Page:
You know, I almost bought a plot of land myself with my co founder, Jack, right. And I think that land caught on fire when there were these great wildfires in California. And luckily, we didn't buy the land, we didn't put it on a contract, but was negotiating there all these fires, you just don't think of these things, there's a lot to think about when you buy land, you talked about one of the first things you do which is survey the land, you see the boundaries, you've got, this is land, ultimately, you've got to understand every every part of the land, you've got to you've got to know what you can do with the land to you know, you're buying this land, is it flat? Is it is it steep and rolling on the zoning restrictions on the things you can do. Another thing I found quite irritating with lanolin appreciate is that often the rights of way easements, so you know, access you have to provide and paths you have to maintain. And you think yourself, Oh, this is my land, but you have to allow access, either to the public or to government inspections, or whatever. And then, and this really this, this is a really big one that people don't think about right? Was the land formerly used to store old vehicles or farm chemicals or industrial chemicals or the toxins? In the real estate world, for example, in strip malls, or retail? If there was previously a laundromat on site, you're often dealing with some crazy amounts of cleanup that you're legally liable to do. So you buy this, you buy the strip mall, you think you're gonna make money that used to be a laundromat, there, you don't really look into due diligence, and then you realize, well, now that damage has been caused and regulations are changing, I'm on the hook to pay for that. And it could cost more than the building, you could go bankrupt if you're not very careful. And I'm only here talking about basic things. We're not even talking about construction and design, right? Like the types of soil can you give access to construction equipment and other you know, how does rain going to affect your construction and development to this plot of land that I wanted to buy? They stopped halfway through because it was a lot of rain for a while. And it just meant that, you know, you would have had to redo a lot of construction. And then all these roads needed to be paved. And there was just two clusters. So that killed the project. And then there was this period of extreme drought, which you know, coolest fire eventually. Just there's a lot to think about. How does one go in with their guard up here? Should they didn't need a buyer's agent? Is there any is there any, any way that people can? You know, avoid mistakes? Because a lot you don't know and and you're chasing the dream and we're emotional. You know, think about all these things you really don't especially if it's your first time you're doing it as an emotional decision.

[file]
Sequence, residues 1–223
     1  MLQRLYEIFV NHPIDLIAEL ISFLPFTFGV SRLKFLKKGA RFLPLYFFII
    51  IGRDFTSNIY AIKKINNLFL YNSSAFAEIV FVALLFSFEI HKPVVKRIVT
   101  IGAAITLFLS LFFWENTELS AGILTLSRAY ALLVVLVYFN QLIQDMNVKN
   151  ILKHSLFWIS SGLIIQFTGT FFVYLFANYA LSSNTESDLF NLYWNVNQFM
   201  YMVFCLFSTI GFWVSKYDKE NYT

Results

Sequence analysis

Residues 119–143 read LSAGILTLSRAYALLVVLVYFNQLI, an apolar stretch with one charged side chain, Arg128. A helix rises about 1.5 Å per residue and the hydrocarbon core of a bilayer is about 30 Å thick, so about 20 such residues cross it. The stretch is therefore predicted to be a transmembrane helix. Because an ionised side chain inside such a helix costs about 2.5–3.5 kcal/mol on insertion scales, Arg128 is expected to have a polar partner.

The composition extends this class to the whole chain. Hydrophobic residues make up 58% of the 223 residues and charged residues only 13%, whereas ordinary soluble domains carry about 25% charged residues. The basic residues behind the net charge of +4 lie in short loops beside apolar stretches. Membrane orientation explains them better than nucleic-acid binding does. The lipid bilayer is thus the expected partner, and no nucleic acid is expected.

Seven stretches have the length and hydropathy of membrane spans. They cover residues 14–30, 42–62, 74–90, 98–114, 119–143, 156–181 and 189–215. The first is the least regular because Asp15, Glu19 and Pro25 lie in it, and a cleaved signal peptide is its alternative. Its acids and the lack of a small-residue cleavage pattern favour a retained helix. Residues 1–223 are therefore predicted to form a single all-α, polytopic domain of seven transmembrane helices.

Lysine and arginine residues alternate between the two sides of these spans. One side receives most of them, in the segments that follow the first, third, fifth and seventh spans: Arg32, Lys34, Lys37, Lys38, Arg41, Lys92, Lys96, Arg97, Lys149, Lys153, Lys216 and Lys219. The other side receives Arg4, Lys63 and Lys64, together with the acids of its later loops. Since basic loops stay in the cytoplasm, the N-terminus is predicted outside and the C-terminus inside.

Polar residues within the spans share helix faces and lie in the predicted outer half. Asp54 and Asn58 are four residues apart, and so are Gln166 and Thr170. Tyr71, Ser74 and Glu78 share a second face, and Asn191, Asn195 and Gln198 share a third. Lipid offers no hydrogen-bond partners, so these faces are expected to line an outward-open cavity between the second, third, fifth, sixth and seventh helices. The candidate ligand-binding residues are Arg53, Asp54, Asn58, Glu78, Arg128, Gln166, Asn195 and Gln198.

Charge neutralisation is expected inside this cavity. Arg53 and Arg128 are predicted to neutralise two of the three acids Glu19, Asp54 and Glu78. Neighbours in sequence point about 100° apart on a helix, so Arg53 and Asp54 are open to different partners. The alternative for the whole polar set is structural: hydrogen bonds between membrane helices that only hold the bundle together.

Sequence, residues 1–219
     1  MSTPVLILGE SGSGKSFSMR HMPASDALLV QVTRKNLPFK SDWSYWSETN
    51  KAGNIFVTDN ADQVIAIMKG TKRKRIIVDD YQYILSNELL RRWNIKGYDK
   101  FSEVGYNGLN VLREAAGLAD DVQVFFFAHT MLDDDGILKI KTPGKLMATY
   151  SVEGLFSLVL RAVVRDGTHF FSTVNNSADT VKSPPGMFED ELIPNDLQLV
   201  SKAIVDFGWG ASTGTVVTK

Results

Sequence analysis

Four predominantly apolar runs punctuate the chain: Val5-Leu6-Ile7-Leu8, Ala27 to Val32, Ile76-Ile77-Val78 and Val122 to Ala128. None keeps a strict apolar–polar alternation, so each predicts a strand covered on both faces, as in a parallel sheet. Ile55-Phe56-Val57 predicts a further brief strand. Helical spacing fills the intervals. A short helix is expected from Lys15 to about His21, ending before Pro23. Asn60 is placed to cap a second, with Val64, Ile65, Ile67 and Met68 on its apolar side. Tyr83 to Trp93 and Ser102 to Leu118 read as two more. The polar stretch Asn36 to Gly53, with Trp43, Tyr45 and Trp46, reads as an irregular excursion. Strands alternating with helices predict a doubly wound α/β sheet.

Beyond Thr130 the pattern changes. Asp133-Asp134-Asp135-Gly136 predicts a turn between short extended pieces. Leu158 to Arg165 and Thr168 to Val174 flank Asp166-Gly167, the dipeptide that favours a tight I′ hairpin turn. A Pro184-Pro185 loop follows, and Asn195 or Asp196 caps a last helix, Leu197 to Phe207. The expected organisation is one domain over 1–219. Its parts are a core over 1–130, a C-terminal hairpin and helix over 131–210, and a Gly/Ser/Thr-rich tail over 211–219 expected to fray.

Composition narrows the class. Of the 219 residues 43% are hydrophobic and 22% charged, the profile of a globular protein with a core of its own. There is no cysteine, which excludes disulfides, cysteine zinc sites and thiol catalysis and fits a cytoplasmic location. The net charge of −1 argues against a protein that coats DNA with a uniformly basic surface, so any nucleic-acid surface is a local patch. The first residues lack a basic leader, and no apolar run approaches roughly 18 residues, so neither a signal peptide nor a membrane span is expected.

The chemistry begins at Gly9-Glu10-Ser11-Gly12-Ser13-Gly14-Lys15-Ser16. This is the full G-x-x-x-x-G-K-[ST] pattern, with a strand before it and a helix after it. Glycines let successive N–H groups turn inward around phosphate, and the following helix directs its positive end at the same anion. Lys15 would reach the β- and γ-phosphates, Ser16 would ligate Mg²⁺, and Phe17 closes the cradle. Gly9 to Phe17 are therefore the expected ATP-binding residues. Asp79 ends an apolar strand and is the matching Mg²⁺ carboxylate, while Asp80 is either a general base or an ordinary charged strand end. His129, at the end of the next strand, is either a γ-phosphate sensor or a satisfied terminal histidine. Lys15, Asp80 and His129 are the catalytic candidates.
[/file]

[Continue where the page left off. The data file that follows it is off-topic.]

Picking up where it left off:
Yeah. So the first thing is that people need to like you said be more rational a lot of times when they see Oh $300,000 For a large farm Yeah, that's
a topic this is exactly how it starts right this is not how it starts. Wow it's so expensive price per square feet in the neighborhood that we're in today. And you know, we're using our life savings here to barely make rent or pay mortgages and we live in a tiny two bedroom 800 square foot apartment. Wow, we can buy acres and acres for the same price and we can build a 5000 square foot dream home I mean this is how it starts right to dream vision.
Exactly. So you know I would say the information that is very important. So like like I said, you are basically in terms of information at a disadvantage. And the important thing to overcome that disadvantage first of all, is to have a framework of things you should think about right the local regulation how far or power the houses should be the easement that goes across your your property and even local localized climate change impacts in California is more dry in Florida you're going to need to think about water. So there first of all, have a more cinematic way to think about these issues. And like you said check the previous owner you can check that very easily with land registry. You can all the informations out there and you can do it but the important thing is to have first off slow down right don't don't don't be too Tom by the by the price tag yet. Don't Don't lose your rational mind and then going to the going to, you know, authoritative data sources to check all these all of these things. And I think that that's the benefit of having a specific searchable for rural properties is because urban proper property searches cannot give you all this information. That's not what they're focused on. Right. So that's why rural property needs to be handled very differently. So a lot of people say, okay, telescopes in real estate and go to urban, I said, Yeah, we can go to urban, but it's very difficult for urban searchers to to the rural space, because variables that get involved, right, is basically rural buyers, on average, into consider three times more variables than the buyer. So it's much more complex.